OCR Settles First Case in Right-of-Access Initiative

Sept. 9, 2019
Bayfront Health St. Petersburg pays $85,000 fine, adopts corrective plan

Earlier this year, the Office for Civil Rights (OCR) at the U.S. Department of Health and Human Services announced an initiative to vigorously enforce the rights of patients to receive copies of their medical records promptly and without being overcharged. The OCR has announced its first enforcement action and settlement in its Right of Access Initiative.

Bayfront Health St. Petersburg, a Florida-based Level II trauma and tertiary care center licensed as a 480-bed hospital with over 550 affiliated physicians, has paid $85,000 to OCR and has adopted a corrective action plan to settle a potential violation of the right of access provision of the Health Insurance Portability and Accountability Act (HIPAA) Rules, OCR said Bayfront failed to provide a mother timely access to records about her unborn child.  

OCR said it initiated its investigation based on a complaint from the mother.  Bayfront directly provided the individual with the requested health information more than nine months after the initial request. The HIPAA Rules generally require covered entities to provide medical records within 30 days of the request and providers can only charge a reasonable cost-based fee. This right to patient records extends to parents who seek medical information about their minor children, and in this case, a mother who sought prenatal health records about her child.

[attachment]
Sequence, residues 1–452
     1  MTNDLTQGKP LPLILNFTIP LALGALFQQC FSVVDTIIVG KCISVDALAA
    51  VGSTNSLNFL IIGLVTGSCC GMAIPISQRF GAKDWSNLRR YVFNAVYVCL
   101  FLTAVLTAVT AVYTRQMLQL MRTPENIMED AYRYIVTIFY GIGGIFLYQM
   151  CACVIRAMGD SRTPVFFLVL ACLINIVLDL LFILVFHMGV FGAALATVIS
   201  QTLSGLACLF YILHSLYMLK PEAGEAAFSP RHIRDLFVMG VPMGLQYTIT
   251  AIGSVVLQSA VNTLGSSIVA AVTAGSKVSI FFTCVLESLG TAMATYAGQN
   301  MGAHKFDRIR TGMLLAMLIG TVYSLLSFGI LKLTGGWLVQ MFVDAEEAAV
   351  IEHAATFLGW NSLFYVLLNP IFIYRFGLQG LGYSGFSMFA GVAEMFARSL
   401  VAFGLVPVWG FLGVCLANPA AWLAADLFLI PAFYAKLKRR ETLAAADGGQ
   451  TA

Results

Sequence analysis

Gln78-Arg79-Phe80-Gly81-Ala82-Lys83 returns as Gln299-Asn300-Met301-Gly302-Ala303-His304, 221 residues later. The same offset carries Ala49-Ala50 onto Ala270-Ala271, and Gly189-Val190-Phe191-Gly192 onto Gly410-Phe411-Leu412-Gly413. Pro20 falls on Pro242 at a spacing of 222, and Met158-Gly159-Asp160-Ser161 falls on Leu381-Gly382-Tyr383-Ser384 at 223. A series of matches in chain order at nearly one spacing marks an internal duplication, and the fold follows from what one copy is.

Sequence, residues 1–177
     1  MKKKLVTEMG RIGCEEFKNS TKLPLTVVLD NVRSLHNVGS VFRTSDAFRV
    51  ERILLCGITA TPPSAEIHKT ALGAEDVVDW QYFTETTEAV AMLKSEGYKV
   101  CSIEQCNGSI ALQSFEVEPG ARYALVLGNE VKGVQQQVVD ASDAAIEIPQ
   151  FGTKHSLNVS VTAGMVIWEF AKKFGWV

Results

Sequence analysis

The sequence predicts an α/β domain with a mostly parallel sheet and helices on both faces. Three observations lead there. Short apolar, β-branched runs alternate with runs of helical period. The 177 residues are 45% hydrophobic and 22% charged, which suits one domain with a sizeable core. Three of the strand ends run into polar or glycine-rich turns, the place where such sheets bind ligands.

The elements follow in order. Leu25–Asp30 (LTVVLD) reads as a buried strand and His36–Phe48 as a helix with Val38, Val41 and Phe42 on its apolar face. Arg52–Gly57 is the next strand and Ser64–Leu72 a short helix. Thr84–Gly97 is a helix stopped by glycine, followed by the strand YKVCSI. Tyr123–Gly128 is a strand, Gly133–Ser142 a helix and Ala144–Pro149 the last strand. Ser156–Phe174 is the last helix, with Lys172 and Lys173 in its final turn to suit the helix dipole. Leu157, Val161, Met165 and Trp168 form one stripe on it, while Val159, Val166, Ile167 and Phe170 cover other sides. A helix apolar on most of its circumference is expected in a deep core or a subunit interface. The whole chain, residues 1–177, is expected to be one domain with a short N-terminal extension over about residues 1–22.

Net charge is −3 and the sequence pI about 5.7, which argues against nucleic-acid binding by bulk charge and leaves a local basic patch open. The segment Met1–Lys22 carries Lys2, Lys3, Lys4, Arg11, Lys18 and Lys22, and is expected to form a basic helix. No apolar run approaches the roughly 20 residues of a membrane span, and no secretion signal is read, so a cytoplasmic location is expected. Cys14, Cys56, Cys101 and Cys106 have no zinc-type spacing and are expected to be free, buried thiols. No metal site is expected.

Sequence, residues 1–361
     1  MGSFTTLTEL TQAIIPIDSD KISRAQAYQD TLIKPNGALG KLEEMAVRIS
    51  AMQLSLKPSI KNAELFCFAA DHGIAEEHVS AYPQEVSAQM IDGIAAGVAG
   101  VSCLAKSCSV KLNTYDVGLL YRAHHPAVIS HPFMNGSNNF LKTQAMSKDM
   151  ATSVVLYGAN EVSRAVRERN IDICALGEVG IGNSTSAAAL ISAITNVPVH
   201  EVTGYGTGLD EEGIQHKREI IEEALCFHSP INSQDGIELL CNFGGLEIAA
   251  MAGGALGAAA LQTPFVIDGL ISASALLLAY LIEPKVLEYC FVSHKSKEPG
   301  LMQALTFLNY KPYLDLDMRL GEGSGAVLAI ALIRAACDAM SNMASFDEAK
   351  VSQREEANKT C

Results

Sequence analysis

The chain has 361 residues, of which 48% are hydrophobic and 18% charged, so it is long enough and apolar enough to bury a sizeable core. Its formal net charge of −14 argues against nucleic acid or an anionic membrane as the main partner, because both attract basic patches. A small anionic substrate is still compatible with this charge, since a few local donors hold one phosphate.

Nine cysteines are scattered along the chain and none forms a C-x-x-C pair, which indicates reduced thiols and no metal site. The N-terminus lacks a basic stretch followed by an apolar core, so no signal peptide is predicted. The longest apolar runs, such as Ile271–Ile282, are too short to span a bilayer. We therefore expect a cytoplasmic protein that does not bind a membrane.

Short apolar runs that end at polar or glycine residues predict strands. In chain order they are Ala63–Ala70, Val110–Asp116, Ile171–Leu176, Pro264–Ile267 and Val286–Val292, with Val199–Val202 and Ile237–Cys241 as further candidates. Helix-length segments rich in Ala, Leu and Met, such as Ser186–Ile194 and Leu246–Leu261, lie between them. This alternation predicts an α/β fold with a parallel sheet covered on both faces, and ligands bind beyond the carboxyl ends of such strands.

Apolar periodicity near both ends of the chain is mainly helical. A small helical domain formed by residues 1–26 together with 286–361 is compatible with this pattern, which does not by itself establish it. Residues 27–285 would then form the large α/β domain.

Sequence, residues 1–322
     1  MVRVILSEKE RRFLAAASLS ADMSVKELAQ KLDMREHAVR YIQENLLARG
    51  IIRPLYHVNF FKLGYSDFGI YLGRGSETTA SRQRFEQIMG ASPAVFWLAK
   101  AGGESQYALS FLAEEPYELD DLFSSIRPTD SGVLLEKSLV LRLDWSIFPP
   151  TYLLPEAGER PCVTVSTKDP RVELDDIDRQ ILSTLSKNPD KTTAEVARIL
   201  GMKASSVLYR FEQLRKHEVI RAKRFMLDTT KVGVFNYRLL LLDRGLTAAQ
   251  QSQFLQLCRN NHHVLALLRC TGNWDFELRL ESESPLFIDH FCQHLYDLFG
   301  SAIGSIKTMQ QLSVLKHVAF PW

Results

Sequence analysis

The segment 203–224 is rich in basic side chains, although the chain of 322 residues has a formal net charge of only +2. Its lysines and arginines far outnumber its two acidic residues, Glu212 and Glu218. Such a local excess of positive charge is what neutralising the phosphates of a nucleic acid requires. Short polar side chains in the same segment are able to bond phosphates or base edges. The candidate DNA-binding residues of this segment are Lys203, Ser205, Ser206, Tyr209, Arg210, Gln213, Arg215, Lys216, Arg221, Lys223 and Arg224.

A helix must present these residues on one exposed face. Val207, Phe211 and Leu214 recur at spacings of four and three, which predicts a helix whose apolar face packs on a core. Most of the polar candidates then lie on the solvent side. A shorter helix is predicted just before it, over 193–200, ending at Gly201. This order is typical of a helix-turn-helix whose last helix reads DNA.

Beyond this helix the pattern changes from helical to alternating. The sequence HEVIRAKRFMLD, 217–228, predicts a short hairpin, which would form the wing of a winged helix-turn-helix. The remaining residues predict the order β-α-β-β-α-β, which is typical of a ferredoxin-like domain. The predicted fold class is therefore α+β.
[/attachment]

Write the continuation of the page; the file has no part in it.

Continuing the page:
In addition to the monetary settlement, Bayfront will undertake a corrective action plan that includes one year of monitoring by OCR.

“Providing patients with their health information not only lowers costs and leads to better health outcomes, it’s the law,” said OCR Director Roger Severino, in a statement.  “We aim to hold the healthcare industry accountable for ignoring peoples’ rights to access their medical records and those of their kids.”

In a tweet, Lucia Savage, who served as chief privacy officer in the Office of the National Coordinator for Health IT from October 2014 to January 2017, said, “It’s a start but not the blockbuster fine that would really make covered entities pay attention.”

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